Another look at the hang during push over git protocol

1814 views
Skip to first unread message

Jeff Preshing

unread,
May 1, 2012, 12:10:21 AM5/1/12
to msy...@googlegroups.com
Hi all, newcomer to this list and to msysGit. Feel free to point out any
newbie mistakes.

I spent some time studying Issue 457: "Push over git protocol hangs in
msysGit" (having hit it myself) and I'd like to share some observations
about it.
http://code.google.com/p/msysgit/issues/detail?id=457

I built and debugged using MSVC2008, since this is the debugger I am
most familiar with. To recap, here is the sequence of events leading to
deadlock during git push:

1. Main thread: cmd_push() connects to the server, ultimately calls
send_pack()
2. Main thread: send_pack() spawns an async thread to run sideband_demux()
3. Async thread: sideband_demux() begins eating all the responses from
the server, blocks inside read()
4. Main thread: send_pack() spawns a child process with stdout
redirected to the server, to run cmd_pack_objects()
5. Child process: cmd_pack_objects() ultimately attempts to write to
stdout; blocks inside write()
6. Main thread: send_pack() blocks waiting for child process to finish.

The deadlock is at a low level inside ntdll.dll.

Some platform notes (again, a recap for some): From Git's point of view,
everything is a POSIX file descriptor. Under MinGW, all file descriptors
are managed by the CRT, which translates them to Windows file handles.
Under the hood, MinGW also casts Winsock2 socket handles to Windows file
handles, and wraps them in a CRT file descriptor via mingw_socket().
It's this last part that's dubious. There are a lot of caveats when you
use a Winsock2 socket handle as a file handle, and that seems to be what
we're bumping up against here.

I managed to reproduce the problem in two small sample programs, which
I've attached as a .zip. One is a MinGW application, the other is native
Win32. Both samples perform a simple HTTP request to google.com while
attempting to read the response in a separate thread. Everything happens
in one process.

The MinGW sample works fine when ported to Ubuntu (just need to swap a
few headers), but deadlocks under MinGW (at least in the msysGit
environment on Windows 7 x64), in basically the same fashion as git push
(inside ntdll.dll during a simultaneous read/write). It's true that the
Git deadlock is spread across two processes and uses inherited handles,
but I don't think that makes any difference with regards to the
underlying problem, since the callstacks are pretty much the same at
deadlock time.

Here are a couple of notes about the MinGW sample I've provided. The
first note is that if you remove the dup() on line 6, the program will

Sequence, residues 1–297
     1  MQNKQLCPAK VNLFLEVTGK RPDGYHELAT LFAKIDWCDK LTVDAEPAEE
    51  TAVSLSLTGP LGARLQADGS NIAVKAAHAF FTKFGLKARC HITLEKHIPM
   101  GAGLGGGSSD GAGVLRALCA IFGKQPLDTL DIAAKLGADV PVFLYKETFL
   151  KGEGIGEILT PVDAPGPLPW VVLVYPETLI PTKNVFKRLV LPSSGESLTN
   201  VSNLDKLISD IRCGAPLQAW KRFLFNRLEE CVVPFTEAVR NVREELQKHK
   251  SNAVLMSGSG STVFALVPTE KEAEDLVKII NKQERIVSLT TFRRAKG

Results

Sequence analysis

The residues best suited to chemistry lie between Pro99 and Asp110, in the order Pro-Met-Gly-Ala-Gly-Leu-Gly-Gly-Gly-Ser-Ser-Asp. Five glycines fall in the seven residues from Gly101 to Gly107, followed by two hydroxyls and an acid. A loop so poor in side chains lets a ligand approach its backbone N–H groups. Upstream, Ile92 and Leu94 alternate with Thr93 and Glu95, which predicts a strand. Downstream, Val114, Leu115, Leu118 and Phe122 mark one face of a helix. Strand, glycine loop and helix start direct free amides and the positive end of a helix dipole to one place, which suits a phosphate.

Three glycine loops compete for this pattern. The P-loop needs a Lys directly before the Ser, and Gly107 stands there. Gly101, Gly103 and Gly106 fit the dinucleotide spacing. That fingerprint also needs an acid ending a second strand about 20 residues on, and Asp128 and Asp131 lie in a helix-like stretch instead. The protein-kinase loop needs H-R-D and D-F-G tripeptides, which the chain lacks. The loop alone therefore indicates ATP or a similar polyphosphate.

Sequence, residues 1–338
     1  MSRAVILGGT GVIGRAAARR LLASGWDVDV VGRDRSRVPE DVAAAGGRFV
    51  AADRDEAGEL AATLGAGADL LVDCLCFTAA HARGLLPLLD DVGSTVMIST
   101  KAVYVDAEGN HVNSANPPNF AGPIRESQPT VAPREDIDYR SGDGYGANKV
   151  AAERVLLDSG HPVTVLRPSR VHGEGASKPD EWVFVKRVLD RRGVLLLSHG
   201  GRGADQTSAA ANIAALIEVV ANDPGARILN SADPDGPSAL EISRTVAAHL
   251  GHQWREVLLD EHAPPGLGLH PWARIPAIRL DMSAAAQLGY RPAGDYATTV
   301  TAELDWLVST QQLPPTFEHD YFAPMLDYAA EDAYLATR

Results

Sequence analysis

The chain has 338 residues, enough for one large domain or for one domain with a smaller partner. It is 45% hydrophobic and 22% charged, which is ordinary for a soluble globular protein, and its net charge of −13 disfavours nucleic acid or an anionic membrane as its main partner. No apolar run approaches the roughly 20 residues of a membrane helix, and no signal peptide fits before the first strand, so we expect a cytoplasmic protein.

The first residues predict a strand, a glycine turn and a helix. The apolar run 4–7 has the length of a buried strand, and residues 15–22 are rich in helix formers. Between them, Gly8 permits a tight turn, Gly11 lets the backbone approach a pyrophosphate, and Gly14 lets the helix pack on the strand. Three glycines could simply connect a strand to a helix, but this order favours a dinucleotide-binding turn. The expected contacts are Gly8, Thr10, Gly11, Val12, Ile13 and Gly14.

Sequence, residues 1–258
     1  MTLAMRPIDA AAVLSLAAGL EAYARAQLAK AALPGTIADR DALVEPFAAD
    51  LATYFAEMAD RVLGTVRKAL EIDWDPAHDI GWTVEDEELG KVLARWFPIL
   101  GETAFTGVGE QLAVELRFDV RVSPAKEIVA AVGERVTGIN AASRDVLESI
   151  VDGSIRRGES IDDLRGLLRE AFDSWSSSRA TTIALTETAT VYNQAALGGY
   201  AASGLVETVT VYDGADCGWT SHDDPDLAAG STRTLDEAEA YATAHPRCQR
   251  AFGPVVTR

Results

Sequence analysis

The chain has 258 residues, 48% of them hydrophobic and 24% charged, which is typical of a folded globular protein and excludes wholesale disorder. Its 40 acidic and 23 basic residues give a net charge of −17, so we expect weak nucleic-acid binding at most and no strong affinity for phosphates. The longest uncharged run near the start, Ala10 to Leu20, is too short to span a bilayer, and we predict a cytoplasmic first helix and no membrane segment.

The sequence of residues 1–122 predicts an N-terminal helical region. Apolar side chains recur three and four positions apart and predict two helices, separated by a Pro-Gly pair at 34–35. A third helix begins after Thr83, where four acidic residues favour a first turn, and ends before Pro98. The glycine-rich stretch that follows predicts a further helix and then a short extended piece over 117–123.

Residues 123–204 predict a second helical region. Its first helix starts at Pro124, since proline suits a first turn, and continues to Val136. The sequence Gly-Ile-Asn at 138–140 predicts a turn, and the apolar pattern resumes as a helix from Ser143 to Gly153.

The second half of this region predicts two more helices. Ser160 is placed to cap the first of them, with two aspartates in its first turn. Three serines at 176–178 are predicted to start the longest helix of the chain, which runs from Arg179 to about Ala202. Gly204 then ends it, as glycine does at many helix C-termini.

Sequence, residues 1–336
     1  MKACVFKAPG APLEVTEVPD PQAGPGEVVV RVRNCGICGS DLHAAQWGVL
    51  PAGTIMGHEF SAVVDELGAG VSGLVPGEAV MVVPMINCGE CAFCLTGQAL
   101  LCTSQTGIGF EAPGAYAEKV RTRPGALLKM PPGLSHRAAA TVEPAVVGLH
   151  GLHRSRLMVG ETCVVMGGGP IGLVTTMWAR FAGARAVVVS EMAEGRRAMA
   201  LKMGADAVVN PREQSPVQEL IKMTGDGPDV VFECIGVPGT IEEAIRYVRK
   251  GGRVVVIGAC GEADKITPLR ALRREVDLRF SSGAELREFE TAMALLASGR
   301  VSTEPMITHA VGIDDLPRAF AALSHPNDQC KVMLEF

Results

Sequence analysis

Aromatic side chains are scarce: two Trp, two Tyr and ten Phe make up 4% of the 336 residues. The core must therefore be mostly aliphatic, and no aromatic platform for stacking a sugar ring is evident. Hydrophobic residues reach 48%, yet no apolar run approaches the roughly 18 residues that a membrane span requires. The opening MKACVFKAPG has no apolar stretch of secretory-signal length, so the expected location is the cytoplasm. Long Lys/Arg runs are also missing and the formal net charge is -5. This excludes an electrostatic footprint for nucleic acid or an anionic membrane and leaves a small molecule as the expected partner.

still deadlock, but at a higher level: inside msvcr90.dll, while
attempting to lock the CRT file descriptor. So in effect, dup() serves
as a way of defeating the CRT lock. Indeed, "git push" calls dup() on
the socket file descriptor once in git_tcp_connect(), and a second time
in start_command() right before spawning the child process. (As many of
you are aware, dup() calls DuplicateHandle() under the hood. There is
some question as to whether it is valid to call DuplicateHandle() on a
Winsock2 socket handle. There are in fact potential issues related to
that, and lots of links talk about it, but I don't think those issues
are directly related to the deadlock problem.)

The second note is that if you move the usleep(50000) on line 37 to the
start of readSocket() in this sample, effectively delaying the reader
thread, the deadlock disappears, because the write() has time to start
and finish before read() begins. I think some people observed the same
thing about the "git push" deadlock as well.

I've also attached a native Win32 application which performs all the
same operations as the MinGW program, and deadlocks in exactly the same
way. Given that all we're trying to do is perform a simultaneous read &
write on a simple socket in two threads -- which should be possible
somehow, but obviously not using these particular APIs -- I hammered on
this sample until I found a combination of APIs which worked. In short,
the following modifications are required:

* Change the WSASocket() call to socket(), or pass the
WSA_FLAG_OVERLAPPED flag to WSASocket() -- both do the same thing.
* Change the read/write calls to send/recv, making sure to pass the
underlying Winsock2 socket handle, and not the wrapped file descriptor.
(eg. just use (SOCKET) _get_osfhandle(sockfd).)

After that, the sample works fine and you can read/write on different
threads to your heart's content! But you need both modifications: If you
simply add the WSA_FLAG_OVERLAPPED flag without changing to send/recv,
the read and write calls will both fail with error codes because the
underlying ReadFile/WriteFile calls fail, for reasons which are
explained here: http://comments.gmane.org/gmane.comp.lib.ev/1726 ... And